School and childcare centres

There is no need to send children home from childcare or school for having head lice. They have probably had them for a long time, so a few hours make little difference. They could wear a headscarf or other headgear to prevent infesting others, and their parents should inform the contact circle that they have found lice. When the child comes home, treatment should begin the same evening. The child can go to childcare or school as normal. No-one should stay away at home because of head lice.

Inform the childcare centre or school, and contact circle that your child has head lice, so they can also check for lice and avoid infesting others. The school or childcare centre should inform other parents or guardians that lice have been detected within the school grade/department.

Head Lice (brochure in several languages)

Treatment

Head lice can be combated with lice treatment from the pharmacy, by combing the hair or by shaving the hair shorter than 0.5 cm.

Everyone with head lice should be treated as promptly as possible with one of these methods to minimise the infestation risk. If others in your family or contact circle have lice, they must be treated simultaneously to prevent further infestation and re-infestation.

Check the hair weekly for three weeks after the last treatment to see if the head lice are gone.

Combing hair with lice comb as lice treatment

Pediculicides

In Norway, about 90 per cent of people with head lice are treated with delousing agents, also known as pediculicides. Only people with head lice should use these products, and it is important to follow the enclosed instructions carefully.

Most of the agents contain the active ingredients dimethicone and/or plant oils. Dimethicone is a silicone-based substance that coats and kills the lice. Dimethicone products are proven to be effective and are therefore recommended ahead of plant oil products where the effect is less well documented. Pediculicides containing the active ingredient permethrin are not recommended due to resistance among head lice.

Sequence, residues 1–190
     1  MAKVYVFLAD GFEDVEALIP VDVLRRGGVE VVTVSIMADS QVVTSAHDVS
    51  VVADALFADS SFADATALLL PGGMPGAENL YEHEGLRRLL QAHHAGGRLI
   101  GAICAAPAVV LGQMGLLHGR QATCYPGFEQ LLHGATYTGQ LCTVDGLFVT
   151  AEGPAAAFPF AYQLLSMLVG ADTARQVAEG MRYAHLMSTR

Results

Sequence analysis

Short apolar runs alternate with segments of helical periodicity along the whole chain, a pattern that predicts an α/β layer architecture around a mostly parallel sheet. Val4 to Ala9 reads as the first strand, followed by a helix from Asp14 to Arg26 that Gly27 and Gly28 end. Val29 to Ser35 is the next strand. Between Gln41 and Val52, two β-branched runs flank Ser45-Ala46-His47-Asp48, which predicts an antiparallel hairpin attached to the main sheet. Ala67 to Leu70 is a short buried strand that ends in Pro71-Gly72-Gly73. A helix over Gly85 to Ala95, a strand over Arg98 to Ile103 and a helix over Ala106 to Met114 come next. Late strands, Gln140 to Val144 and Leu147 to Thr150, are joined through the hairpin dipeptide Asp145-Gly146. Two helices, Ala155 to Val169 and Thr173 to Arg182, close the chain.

Pediculicides are less effective against lice eggs, so treatment usually has to be repeated after 8-10 days, depending on the product used. During this time, surviving eggs will have hatched, but the new lice will not have reached sexual maturity yet so they cannot lay new eggs.

Combing

A lice comb can be used to combat lice. Not many people choose this treatment method, probably because it is time-consuming. Comb wet hair systematically and thoroughly every day or every second day for 12-14 days. Check the hair weekly for three weeks after the last treatment.

Illustration of a head lice

Lice eggs firmly attached to strands of hair.

 

Shaving

Lice cannot survive on hair shorter than 0.5 cm. Shaving is a good treatment option, if having short hair for a period is acceptable. Please note that the lice will crawl among hair clippings after shaving. Some lice will also attempt to cling on to stubble. Use a lice comb to remove them.

Treatment of objects

It is possible for lice to spread via combs and brushes and these should be washed or frozen if there are lice in the household. Freeze combs and brushes to -20 ºC for at least four hours or wash them at 60 ºC.

Transmission via other objects is unlikely. It is not necessary to wash clothes, furniture or the house itself if somebody has head lice. After lice treatment, washing bed linen to remove any old lice and their excrement may be done.

Illustration showing development of head lice from egg to adult head lice.

Content provided by Norwegian Institute of Public Health

Norwegian Institute of Public Health. Head lice. [Internet]. Oslo: The Norwegian Directorate of Health; updated Tuesday, February 14, 2023 [retrieved Sunday, April 14, 2024]. Available from: https://www.helsenorge.no/en/helse-og-miljo/insekter-og-skadedyr/head-lice/

Last updated Tuesday, February 14, 2023